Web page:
Listen to this story
Yes, you read that correctly, do, argue with your parents.
Over the Songkran break, I was living on an island for a week and a few Thai men in their 50s, who were also the guests at the resort, came to talk to me while we were all drinking at dinner. They said they wanted to talk to me since lunch time, they thought I didn’t look like I belonged there and wanted to know who I was, or what I did for a living.
With several tattoos on my body, and speaking English fluently, with the attitude of not playing by anyone’s rules, I do tend to get this kind of encounter often.
After having told them what I do for a living, they then shared that their kids (who are all around my age) did not know what they wanted to do with their lives, and these guys seemed to have gotten the impression that I do.
So, they asked me for my advice, “how can I teach my children to find their passion and for them to know what to do?”
This question is not unusual at all in Thai society and I’ve heard it many times – whether from the parents, or from the children themselves. It is, very sadly, common for a lot of young Thais to not know what they like.
“Well, how much are you willing to let your kids keep making mistakes?” I asked them back.
It’s like a cultural norm in Thailand that the adults would feel like they know better than the kids, therefore they tend to choose a direction for their children, thinking it is the best and right decision.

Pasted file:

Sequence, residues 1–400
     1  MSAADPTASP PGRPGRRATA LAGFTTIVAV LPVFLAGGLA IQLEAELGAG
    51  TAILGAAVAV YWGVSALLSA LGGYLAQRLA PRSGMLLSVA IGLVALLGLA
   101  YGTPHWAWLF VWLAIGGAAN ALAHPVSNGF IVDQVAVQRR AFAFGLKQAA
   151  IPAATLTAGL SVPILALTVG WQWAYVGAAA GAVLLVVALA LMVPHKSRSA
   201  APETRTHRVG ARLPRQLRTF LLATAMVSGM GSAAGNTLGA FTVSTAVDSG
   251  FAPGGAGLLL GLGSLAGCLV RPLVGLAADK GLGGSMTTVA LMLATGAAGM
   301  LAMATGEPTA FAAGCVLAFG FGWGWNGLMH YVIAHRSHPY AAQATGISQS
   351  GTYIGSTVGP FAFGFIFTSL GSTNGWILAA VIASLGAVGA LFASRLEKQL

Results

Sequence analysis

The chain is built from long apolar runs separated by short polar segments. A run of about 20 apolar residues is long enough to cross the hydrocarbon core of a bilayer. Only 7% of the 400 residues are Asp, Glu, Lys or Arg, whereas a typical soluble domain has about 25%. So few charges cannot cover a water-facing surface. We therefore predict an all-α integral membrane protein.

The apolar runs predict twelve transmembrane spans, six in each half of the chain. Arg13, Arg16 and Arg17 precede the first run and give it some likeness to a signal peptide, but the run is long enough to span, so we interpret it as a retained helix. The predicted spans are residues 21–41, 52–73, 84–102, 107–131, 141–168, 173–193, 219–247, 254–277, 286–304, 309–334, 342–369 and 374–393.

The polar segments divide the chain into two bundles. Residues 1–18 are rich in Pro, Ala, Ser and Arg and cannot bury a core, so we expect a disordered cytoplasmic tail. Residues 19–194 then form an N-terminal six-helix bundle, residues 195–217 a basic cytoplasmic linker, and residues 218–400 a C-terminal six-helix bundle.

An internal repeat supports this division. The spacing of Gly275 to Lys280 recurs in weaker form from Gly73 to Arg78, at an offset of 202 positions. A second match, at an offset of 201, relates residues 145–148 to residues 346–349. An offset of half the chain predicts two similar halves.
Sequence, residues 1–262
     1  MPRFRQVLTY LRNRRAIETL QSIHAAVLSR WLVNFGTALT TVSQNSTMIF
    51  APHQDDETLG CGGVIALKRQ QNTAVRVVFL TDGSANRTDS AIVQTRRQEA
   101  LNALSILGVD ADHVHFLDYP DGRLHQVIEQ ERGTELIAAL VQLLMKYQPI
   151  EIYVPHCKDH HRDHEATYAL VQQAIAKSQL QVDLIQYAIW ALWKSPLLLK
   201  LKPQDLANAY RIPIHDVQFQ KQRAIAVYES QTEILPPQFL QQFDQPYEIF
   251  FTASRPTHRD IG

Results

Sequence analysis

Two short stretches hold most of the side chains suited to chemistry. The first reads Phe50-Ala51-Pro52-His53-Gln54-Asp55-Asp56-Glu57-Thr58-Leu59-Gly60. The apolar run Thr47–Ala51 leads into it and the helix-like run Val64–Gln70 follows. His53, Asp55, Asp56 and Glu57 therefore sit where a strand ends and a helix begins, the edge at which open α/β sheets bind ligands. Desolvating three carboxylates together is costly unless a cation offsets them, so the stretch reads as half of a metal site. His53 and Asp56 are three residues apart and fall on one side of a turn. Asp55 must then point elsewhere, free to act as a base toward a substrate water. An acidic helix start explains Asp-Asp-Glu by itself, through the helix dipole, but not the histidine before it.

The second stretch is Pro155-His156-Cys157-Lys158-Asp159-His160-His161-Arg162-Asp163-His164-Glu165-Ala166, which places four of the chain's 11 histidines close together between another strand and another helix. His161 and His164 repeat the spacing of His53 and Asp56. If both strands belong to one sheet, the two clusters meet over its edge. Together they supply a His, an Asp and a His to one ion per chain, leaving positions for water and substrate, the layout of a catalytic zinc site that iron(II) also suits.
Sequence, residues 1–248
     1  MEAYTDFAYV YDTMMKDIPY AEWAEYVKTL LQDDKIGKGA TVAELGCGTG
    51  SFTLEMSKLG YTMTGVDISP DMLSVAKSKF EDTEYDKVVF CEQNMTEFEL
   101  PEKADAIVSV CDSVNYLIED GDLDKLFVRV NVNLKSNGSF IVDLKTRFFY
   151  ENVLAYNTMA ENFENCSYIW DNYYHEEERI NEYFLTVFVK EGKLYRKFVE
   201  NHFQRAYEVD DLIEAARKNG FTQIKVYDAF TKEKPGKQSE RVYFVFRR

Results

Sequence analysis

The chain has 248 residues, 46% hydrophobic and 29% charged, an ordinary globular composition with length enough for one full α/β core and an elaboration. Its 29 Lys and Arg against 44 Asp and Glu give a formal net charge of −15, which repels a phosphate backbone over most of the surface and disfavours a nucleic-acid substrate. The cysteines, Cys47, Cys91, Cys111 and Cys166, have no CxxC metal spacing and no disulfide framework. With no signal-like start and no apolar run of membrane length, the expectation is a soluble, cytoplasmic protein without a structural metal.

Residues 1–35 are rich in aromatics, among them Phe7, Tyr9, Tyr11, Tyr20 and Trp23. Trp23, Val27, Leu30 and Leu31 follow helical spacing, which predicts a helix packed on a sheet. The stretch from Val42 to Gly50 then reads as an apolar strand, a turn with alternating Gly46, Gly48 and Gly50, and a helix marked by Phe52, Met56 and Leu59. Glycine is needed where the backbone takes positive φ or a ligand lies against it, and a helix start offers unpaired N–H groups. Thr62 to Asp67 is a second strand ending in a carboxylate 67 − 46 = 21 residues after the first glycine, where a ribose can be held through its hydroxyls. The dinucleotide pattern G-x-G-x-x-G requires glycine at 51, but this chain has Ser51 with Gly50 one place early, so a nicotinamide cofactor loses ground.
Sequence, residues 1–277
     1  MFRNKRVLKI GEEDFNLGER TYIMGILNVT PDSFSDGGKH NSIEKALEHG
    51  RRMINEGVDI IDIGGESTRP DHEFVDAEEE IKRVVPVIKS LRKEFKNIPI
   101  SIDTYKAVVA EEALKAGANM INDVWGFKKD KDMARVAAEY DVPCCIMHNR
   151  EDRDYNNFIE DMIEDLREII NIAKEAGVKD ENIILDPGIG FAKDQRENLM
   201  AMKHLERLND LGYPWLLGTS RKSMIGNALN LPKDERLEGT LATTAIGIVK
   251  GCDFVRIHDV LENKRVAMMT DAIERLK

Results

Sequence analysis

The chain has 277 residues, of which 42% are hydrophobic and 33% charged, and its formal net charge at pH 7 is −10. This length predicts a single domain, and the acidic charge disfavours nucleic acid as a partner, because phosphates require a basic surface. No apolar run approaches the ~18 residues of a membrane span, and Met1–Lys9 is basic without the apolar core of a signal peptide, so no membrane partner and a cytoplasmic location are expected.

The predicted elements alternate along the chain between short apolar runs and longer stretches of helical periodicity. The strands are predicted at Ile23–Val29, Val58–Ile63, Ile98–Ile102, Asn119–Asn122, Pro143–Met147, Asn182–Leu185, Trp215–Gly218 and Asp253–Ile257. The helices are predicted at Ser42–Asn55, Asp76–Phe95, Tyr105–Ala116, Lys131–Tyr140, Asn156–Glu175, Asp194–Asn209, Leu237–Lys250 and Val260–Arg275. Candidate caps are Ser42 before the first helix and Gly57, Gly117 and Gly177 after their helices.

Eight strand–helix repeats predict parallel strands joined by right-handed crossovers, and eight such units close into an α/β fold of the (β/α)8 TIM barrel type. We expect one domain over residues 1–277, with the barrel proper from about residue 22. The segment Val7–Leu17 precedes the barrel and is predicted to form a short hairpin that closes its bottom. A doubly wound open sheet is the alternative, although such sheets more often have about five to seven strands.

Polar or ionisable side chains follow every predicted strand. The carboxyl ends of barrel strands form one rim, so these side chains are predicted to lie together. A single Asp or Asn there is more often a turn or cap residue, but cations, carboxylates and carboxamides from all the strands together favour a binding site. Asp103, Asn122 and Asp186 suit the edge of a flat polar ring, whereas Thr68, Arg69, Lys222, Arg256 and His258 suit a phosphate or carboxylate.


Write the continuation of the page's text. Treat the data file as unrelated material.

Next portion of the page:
This is problematic because it makes the kids get used to being told what or how to think and do. On top of that, Thai education doesn’t teach critical thinking, instead it grooms obedient drones for the state.
The very same parents also keep pressuring the kids to study hard and to get a “stable” job. Most of the time, these “stable” jobs in their eyes are the civil servant, or office workers. Things that they can physically see and put a price on.
And I’m over here picking a career in writing… It’s enough to make a Thai parent cry. I’m a firm believer that you can be successful in any type of career as long as you put your heart to it. Actually, that’s what my mom kept telling me.
I have to give a lot of credit to my parents who let me argue with them, be stubborn and not listen to them. They gave me that space to breathe, explore and keep making mistakes, and through being “ก้าวร้าว” or a “brat”, I learned what I liked or didn’t like.
That’s why I asked those Thai dads at the resort that question, “how much are you willing to let your kids keep making mistakes?” Kids need to learn to have ideas of their own and they can’t do that while the parents are still hovering over them, making the decisions for them.
By arguing with your parents, sharing your opinions, what you like and don’t like with them when they tell you what to do with your life, you learn more about yourself. It is your life, and no one knows about your life better than you. Not even your parents.